From the January 2022 issue

101 Must-See Cosmic Objects: Crab Nebula

By | Published: October 12, 2022 | Last updated on September 11, 2023
Douglas J. Struble

Have you ever started something that lasted a lifetime? Charles Messier found a whitish smudge near Zeta (ζ) Tauri on Aug. 28, 1758, while following a comet he had discovered two weeks earlier. But this smudge didn’t look like any comet he had ever observed, so he noted its location on a chart. And thus, without fanfare, the French observer began his catalog of non-cometary objects.

But Messier was not the first to observe M1 (also cataloged as NGC 1952). John Bevis is credited with first observing this supernova remnant in 1731. William Parsons, Earl of Rosse, named the Crab Nebula based on his interpretation of the shape from his observation in 1842. It isn’t the first deep-sky object whose name might be considered questionable.

In 1928, Edwin Hubble proposed a connection between the Crab Nebula and reports of a bright star that had appeared in Taurus in a.d. 1054. That supernova — estimated to have popped off 6,500 light-years away — was bright enough to see during the day for three weeks and remained in the night sky for two years. Observations by Korean, Japanese, Chinese, and Arab observers recorded a star brighter than Venus. Astronomers now estimate the star blazed between magnitude –4 and –7.

The Crab Nebula is a source of energy across the electromagnetic spectrum. Known as Taurus A, it’s the brightest radio source in that constellation. Its central rapidly rotating neutron star — called a pulsar, the remnant of the star that exploded — is the most persistent and brightest gamma-ray source in the heavens. Don’t worry, though — observing it won’t damage your eyes. Our atmosphere absorbs the radiation.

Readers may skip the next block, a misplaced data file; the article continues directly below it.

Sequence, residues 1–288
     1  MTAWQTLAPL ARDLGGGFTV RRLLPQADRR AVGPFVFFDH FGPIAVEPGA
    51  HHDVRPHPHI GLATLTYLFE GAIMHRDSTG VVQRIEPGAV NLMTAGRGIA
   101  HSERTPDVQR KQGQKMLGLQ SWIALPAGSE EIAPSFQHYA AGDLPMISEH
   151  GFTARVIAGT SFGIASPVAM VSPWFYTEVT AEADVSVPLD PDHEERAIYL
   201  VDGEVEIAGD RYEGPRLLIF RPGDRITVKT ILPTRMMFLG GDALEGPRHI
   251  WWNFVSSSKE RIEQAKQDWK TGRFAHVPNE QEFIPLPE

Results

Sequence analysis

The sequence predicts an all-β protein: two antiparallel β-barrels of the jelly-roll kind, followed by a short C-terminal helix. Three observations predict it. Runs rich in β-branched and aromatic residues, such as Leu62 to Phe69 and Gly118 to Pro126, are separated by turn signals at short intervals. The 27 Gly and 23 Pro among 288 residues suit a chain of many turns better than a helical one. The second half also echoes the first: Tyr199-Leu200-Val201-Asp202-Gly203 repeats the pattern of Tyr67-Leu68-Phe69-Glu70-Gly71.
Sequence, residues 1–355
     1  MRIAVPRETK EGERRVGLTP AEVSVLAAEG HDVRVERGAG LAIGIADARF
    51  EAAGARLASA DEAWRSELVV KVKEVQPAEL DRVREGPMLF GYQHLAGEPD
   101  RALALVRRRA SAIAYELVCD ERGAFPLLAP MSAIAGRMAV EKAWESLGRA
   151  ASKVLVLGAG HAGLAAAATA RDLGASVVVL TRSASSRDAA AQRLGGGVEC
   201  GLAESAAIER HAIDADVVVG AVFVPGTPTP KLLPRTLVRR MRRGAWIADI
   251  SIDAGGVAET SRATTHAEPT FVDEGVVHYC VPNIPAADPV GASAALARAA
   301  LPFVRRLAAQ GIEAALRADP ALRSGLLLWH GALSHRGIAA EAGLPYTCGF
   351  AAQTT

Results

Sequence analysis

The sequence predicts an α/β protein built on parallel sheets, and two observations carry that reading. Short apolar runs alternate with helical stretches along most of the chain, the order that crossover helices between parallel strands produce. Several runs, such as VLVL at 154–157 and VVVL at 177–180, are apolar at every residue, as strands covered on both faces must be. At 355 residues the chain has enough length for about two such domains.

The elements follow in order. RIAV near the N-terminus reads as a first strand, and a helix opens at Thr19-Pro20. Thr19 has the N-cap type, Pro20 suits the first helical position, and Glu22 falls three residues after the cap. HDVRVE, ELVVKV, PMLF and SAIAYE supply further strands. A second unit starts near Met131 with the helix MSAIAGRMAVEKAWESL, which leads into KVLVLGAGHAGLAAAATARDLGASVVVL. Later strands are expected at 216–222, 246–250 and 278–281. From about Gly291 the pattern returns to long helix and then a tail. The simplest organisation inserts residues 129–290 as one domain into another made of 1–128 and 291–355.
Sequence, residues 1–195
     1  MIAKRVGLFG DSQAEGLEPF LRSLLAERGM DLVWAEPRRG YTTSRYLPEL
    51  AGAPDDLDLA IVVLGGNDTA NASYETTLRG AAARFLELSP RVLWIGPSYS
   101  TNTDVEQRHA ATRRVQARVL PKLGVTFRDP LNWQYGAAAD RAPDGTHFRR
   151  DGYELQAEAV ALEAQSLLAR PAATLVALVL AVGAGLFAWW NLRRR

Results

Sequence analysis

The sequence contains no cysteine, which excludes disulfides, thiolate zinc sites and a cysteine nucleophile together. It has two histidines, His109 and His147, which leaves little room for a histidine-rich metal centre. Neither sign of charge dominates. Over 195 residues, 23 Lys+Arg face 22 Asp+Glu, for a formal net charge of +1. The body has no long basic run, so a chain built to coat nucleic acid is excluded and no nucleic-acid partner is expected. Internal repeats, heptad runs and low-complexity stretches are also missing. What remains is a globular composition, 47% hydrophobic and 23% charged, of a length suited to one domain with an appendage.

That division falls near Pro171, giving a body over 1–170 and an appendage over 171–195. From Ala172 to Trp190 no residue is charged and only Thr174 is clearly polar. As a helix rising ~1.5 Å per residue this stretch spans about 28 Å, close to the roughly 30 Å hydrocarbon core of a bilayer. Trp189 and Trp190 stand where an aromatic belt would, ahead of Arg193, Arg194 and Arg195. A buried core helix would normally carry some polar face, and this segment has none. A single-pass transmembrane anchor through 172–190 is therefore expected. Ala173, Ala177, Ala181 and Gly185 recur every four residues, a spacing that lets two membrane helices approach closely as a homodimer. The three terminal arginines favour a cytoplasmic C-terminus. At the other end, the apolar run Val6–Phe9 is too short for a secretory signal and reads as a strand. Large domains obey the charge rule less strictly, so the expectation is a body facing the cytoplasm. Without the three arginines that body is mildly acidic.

While the nebula is magnitude 8.4, its pulsar is magnitude 16.2 — bright enough for today’s larger telescopes to pick up. A chart is essential for distinguishing it from other faint stars scattered in front of the nebula.

A generous 6′ by 4′ across, M1 is expanding at 0.5 percent the speed of light. It can be seen in binoculars or a spotting scope under dark skies, and is bright enough to see in suburban skies, especially with a filter. It’s a fun object to show your friends or guests at a star party as you explain the nebula’s history.

Make sure to explore Astronomy’s full list of 101 cosmic objects you must see. New entries will be added each week throughout 2022.

To get the latest astronomical news and observing content delivered directly to your door, subscribe to Astronomy magazine today!